Cold Szechuan Noodles with Chicken

Boston is under siege! A couple weeks ago an oppressive wave of heat and humidity descended upon the city sending our “feels like” temperatures into the triple digits. I know, I know, I should feel bad complaining about this having lived in New York, DC, and Kansas where the air is soupy enough to swim in come August, and most recently in Texas where the scorching heat will melt the skin off your face most months out of the year, but I’m a Northerner now, and us Yanks just can’t handle the heat. Which is precisely why I’ve come up with an arsenal of meals that require very little time in front of a hot stove and can be prepared early in the day when the temperature is a bit cooler. Best of all, these dinners are designed to be served and eaten cold, preferably with a chilled glass of whatever you’re into drinking right now (for me, it’s my hubby’s awesome wine spritzers with homemade lemon syrup and fresh mint.)

*wiping drool off my chin as I type*

And just to entice you even further, this recipe is super flexi, so you can adapt it to whatever produce you have in your fridge, or, better yet, whatever’s fresh at your local farmers’ market — this week I picked up some radishes; Hakurei (Japanese turnips); a burpless cucumber (there were other cucumbers there, but, come on, burpless cucumbers – how could I resist?); scallions, orange & purple bell peppers (purple!); a huge bunch of fresh basil; and a gnarly, dirty bulb of garlic.

Oh, and I was also lucky enough to score this rusty old cast iron skillet for the awesome price of free! that I lovingly brought back to life with a little bit of elbow grease and a whole lot of swearing.(And now, my sweet little friend, you will make me delicious grilled cheeses.)

Even though the list of ingredients below reflects my personal tastes and my (not so cheap) purchase at the farmers’ market, you should absolutely feel free to swap out any or all of produce listed in this recipe with whatever you have on hand – just be sure to choose crunchier veggies that won’t wilt under the weight of the dressing: shaved carrots, celery, parsnips, and daikon are all good options. You’ll want a total of 2 cups of cut vegetables.

Cold Szechuan Noodles with Chicken

Serves 4-6

This recipe is actually a riff on one I posted back in 2014, but it’s changed a little over the years (haven’t we all!), and I’d like say, matured a bit? In this version, I’ve swapped out the heavy buckwheat noodles for a lighter rice noodle, added some umami-packed flavors, and included shredded chicken, graduating it from side dish to main course. And as I mentioned above, this recipe is designed to be tweaked to your taste, so if you hate radishes, leave ’em out. Chicken not your thing? Throw in shrimp, tofu, or shredded beef instead. Also, there are a few specialty items that I’ve indicated with an asterisk (*), and, whenever possible, I’ve suggested a more mainstream pantry item for substitution. The goal here is not to think too hard about this dish, because really, our brains are already mushy enough from the heat.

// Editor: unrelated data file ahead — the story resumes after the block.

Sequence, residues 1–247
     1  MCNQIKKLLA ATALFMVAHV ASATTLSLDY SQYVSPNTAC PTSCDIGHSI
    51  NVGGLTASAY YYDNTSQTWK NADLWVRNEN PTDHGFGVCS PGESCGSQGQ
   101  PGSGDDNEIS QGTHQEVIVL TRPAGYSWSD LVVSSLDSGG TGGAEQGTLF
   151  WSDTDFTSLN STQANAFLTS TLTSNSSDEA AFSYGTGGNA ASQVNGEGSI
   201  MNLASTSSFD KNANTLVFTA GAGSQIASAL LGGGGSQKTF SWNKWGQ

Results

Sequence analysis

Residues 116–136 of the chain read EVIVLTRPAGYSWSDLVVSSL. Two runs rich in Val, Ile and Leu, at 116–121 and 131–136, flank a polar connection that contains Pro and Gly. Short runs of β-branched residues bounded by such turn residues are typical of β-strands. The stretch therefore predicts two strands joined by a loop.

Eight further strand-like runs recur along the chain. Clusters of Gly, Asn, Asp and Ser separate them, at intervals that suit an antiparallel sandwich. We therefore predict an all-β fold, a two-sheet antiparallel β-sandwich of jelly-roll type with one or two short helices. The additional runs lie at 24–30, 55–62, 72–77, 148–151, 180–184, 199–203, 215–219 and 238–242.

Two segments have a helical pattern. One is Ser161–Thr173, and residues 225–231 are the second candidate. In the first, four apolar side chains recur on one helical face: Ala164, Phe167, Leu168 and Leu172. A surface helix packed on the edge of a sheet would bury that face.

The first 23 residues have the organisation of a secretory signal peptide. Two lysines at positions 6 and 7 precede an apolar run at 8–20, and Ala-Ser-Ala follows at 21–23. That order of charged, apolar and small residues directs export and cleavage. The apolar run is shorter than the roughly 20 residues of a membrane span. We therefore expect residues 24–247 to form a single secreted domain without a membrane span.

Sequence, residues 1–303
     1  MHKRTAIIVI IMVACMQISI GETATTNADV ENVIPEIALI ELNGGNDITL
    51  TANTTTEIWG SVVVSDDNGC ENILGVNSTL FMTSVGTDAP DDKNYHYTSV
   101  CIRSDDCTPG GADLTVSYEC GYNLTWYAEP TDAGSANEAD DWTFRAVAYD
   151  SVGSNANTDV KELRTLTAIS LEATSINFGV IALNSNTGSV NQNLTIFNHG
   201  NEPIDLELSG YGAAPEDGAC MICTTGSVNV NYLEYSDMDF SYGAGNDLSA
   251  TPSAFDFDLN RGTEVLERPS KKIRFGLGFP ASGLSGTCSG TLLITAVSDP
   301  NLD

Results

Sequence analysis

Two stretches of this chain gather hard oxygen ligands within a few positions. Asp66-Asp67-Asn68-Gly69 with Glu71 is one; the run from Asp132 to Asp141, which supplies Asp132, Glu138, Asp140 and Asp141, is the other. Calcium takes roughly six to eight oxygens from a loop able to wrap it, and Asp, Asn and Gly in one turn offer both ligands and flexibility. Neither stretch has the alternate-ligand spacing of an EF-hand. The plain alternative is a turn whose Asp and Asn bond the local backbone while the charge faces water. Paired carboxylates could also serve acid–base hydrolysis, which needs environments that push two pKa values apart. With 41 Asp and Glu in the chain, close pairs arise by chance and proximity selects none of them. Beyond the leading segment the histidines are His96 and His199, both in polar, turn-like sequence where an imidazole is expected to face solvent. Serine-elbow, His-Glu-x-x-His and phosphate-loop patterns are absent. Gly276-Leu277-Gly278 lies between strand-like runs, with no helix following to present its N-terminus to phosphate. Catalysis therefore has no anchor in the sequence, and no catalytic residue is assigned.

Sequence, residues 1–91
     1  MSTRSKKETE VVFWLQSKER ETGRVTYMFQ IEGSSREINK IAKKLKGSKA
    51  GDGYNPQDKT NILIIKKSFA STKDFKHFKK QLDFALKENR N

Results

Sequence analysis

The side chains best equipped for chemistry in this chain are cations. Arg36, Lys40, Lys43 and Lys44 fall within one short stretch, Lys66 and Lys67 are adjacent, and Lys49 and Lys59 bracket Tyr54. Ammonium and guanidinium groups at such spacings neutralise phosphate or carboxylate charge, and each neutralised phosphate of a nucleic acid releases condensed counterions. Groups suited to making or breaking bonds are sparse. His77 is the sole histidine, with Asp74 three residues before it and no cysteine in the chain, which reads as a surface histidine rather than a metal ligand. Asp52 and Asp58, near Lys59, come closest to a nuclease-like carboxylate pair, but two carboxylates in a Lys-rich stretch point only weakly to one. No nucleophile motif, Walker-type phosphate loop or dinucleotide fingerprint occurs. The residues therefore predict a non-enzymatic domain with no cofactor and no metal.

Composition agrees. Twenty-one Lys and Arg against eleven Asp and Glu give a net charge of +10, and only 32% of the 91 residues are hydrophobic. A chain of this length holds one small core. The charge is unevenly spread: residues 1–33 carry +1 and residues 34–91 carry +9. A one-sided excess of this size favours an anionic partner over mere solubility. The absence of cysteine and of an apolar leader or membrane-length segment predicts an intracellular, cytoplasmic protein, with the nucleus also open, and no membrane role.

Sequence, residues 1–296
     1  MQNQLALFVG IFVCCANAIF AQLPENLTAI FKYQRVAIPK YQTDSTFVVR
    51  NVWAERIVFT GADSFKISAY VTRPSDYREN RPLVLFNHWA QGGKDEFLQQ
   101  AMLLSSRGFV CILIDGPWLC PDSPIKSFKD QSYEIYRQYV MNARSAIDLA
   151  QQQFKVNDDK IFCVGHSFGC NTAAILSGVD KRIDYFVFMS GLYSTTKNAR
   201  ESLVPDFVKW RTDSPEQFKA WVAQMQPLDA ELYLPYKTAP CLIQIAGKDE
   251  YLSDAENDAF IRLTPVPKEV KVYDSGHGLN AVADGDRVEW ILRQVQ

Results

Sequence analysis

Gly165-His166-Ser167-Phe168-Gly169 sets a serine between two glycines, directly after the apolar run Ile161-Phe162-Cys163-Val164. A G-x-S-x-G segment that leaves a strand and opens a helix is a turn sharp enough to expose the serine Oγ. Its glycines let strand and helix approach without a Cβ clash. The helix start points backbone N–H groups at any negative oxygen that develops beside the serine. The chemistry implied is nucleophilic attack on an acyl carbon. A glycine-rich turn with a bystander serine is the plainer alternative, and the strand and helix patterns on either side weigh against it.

INGREDIENTS

  • 8-10 oz. rice noodles (white or brown)
  • 2 cups shredded precooked chicken
  • 2 radishes, thinly sliced
  • 2 Hakurei, thinly sliced
  • 2 scallions, thinly sliced
  • 1 small cucumber, thinly sliced into rounds
  • 1 bell pepper (preferably red, orange, or yellow – or purple if you can find one!)
  • 1½ tsp sesame seeds, divided
  • ¼ cup basil leaves, roughly torn (cilantro or mint would work well, too)
  • Chili oil and red pepper flakes for serving (optional)

For the dressing:

  • ¼ cup toasted sesame oil
  • 3 Tbsp low-sodium soy sauce
  • 3 Tbsp unseasoned rice vinegar
  • ¼ cup tahini*
  • 1 Tbsp mirin**
  • 2 tsp fish sauce***
  • 2 cloves of garlic, minced
  • 1 (1-inch) piece of fresh ginger, peeled and grated
  • Fresh cracked black pepper, to taste
  • *Tahini is a sesame paste, much like peanut butter, but with a little bit of a kick. Out of all of the specialty items I’ve suggested over the years, I’d definitely recommend getting this one. Tahini is really versatile and can be used in hummus, dips, and cookies. If you don’t want to use tahini, you can substitute 2 Tbsp of peanut butter instead.
    **Mirin is a sweet Japanese rice wine that can be found in the Asian section of most grocery stores. Mirin is relatively inexpensive and can be used in marinades, dipping sauces, and soups. If you don’t have mirin, you can substitute 1 tsp of honey.
    ***Fish sauce is exactly what it sounds like – a sauce made from salted and fermented fish – and a few dashes of this stuff will pack a delicious umami-punch to every bite. It’s a little bit salty, a little bit sweet, and whole lot of funky – kinda like me. Fish sauce can be found in the Asian section of most grocery stores and can be used in marinades, dipping sauces, and soups. Omit if you don’t like funk.

    INSTRUCTIONS

    1. Set a large pot of heavily salted water over high heat until it comes to a rolling boil. Cook noodles per package instructions; drain, rinse thoroughly with cold water, then transfer to an ice bath until ready to use.

    2. Whisk together oil, soy sauce, vinegar, tahini, mirin or honey, fish sauce (if using), ginger, garlic, and fresh cracked black pepper.

    3. Drain noodles, pressing on the top with a clean towel to extract as much extra water as possible, and pour into a large serving bowl. Add chicken, diced veggies, 1 tsp of sesame seeds, and ¾ of the dressing; toss to coat. Reserve remaining dressing for serving. Cover and refrigerate until ready to serve.

    4. To serve; add remaining dressing, toss to combine, then garnish with ½ tsp sesame seeds and torn herbs. If you like it spicy like I do, drizzle with a little bit of chili oil and a dash of red pepper flakes.

    *To find a farmers’ market in your area, click here.*

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